Now this is weird... In my actual project I just created ONE rect that was rotating and was experiencing the performance issue, but in JSFiddle I have to up the number of elements to see performance decrease. Which actually makes perfect sense to me and may well be eluding to the fact that I may have other things going on in my logic that aren't immediately apparent that are adding to this issue.


Either way the performance issue does become noticeable as you add more elements. Just swap the commented out line for the howMany variable to see what I'm referring to. So my question of concurrent animations still stands. Is this something that's simply a limitation of hardware/browsers in general? Is there any type of "caching" or other ideas I could possibly do to help mitigate the issue?


I know there was a link I saw (that I can't find now :P) that demonstrated the power of GSAP over other animation libs (i.e. jQuery's animate()) and remember that I upped the limits of the particles being emitted and was blown away at how well GSAP performed so I feel like there's a way to fix this.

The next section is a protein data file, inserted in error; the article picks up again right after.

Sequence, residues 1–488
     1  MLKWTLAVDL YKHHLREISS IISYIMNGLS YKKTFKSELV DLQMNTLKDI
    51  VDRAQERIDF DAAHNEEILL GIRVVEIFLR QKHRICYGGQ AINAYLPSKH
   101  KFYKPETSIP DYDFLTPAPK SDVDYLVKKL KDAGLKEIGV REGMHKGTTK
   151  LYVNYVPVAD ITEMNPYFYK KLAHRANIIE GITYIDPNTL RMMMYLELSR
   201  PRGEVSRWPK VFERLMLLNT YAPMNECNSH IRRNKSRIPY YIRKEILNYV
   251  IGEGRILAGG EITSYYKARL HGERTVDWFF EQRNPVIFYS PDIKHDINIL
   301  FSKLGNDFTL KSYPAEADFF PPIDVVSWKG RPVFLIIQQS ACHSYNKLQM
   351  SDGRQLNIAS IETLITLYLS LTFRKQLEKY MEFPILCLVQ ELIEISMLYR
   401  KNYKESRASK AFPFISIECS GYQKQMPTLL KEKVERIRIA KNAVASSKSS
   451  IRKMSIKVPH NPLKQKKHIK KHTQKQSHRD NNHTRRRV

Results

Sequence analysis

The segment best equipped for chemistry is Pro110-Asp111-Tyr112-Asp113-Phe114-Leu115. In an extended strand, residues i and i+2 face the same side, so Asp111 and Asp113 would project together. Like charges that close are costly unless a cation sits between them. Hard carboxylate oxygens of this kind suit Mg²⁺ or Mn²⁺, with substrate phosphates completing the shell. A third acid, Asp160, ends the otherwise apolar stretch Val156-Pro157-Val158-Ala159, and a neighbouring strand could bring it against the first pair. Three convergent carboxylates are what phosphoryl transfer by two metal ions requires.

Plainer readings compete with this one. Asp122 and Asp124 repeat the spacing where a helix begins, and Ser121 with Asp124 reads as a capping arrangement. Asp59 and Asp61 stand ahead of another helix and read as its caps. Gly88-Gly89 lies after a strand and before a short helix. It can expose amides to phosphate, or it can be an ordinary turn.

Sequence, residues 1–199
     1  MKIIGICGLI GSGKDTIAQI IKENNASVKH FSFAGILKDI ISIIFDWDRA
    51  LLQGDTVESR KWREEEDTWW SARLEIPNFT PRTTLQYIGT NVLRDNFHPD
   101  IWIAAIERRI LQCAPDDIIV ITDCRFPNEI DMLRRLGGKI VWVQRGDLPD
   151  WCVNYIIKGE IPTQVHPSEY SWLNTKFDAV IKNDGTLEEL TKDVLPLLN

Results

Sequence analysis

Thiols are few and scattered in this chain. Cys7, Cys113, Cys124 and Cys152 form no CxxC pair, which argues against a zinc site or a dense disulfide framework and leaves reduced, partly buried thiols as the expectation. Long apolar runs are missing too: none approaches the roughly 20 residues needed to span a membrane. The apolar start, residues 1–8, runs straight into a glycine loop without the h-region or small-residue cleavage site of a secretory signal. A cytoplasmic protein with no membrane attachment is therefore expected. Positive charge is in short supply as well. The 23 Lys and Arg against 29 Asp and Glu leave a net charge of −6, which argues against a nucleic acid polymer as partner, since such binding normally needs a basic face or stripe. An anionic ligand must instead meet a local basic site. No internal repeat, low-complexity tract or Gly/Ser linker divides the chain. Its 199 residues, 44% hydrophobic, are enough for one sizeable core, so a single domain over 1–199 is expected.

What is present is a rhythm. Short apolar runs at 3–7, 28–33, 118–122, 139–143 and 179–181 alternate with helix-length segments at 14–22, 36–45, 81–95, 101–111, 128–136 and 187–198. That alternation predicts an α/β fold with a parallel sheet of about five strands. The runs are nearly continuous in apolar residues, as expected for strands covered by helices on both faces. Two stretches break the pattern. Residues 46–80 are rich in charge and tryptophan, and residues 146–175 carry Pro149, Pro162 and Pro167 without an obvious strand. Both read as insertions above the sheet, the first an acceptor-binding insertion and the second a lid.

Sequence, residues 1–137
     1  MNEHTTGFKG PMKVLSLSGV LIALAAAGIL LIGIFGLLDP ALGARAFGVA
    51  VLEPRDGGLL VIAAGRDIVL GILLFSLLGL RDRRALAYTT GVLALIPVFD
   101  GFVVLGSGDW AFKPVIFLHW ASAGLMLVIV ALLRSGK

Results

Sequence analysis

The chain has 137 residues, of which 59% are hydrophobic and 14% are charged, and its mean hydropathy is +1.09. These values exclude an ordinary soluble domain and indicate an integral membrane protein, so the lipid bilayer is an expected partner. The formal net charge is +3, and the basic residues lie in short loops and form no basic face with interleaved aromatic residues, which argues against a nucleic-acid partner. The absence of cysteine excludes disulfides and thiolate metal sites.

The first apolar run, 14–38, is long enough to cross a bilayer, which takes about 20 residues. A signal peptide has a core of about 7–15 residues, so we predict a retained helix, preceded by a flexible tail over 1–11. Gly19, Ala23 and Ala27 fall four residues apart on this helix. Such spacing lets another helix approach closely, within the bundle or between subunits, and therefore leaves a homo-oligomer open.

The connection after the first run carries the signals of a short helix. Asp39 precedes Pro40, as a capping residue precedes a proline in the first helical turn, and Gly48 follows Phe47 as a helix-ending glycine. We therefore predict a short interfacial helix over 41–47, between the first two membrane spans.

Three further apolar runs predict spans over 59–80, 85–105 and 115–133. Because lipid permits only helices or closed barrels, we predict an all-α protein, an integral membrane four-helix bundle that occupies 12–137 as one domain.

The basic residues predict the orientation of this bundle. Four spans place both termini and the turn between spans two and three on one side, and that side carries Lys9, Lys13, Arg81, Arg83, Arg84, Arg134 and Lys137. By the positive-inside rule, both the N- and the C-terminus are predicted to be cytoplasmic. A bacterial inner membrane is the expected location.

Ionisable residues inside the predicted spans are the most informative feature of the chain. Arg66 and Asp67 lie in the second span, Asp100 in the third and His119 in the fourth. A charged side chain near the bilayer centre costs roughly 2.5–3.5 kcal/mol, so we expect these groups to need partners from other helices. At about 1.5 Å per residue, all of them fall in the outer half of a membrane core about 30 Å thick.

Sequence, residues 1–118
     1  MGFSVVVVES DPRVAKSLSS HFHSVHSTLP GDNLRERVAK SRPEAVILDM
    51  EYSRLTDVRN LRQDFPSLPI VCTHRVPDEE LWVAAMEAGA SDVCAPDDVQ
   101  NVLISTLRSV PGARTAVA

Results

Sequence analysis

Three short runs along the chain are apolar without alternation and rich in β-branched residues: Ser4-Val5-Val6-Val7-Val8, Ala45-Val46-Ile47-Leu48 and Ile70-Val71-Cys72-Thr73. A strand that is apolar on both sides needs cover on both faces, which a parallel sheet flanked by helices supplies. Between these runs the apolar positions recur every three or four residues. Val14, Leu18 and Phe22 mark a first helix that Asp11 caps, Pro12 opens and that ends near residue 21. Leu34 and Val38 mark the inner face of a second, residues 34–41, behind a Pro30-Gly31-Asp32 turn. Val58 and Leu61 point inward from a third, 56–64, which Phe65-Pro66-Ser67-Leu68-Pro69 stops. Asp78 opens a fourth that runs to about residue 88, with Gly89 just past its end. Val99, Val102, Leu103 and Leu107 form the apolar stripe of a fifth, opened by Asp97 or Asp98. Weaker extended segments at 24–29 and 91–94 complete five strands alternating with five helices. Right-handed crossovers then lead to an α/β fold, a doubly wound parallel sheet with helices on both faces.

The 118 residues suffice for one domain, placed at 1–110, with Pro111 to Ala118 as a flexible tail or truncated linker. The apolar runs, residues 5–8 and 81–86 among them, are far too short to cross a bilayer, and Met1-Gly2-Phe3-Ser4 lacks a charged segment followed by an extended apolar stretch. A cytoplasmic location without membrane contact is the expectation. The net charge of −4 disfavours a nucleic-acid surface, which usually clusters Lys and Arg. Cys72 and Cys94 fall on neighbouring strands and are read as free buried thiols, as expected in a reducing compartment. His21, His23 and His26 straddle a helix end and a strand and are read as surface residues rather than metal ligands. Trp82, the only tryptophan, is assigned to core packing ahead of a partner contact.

I'm about to swap out the tween.to()'s for timelines to see if that has any weight on the matter.


I welcome any other thoughts or ideas on the matter.

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Crack open Dev Tools and record a timeline and you'll see that the big performance drain is all Snap - it has nothing to do with GSAP which can crank through those 500 tweens without breaking a sweat. There a TON of timers being set up by Snap (weird). So in summary, the sucky performance is completely Snap's fault  :shock:

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So I reached out to the Snap community as well and I've found what's supposedly a "caching mechanism" of sorts that is now commented out (https://github.com/adobe-webplatform/Snap.svg/blob/master/dist/snap.svg.js#L4430) in my Snap source (which turns out, the number of "Timer Fired"s is equal to the number of elements in the scene and as many as 50 times in a second... agreed a TON) and I still see the issue: http://jsfiddle.net/anthonygreco/Kpe67/ so now I'm really lost as to what is causing this.  :?


I am thinking more and more that I need to move away from SVG for this project, but want to as if there is any chance there's anything else I should look at benchmarking first?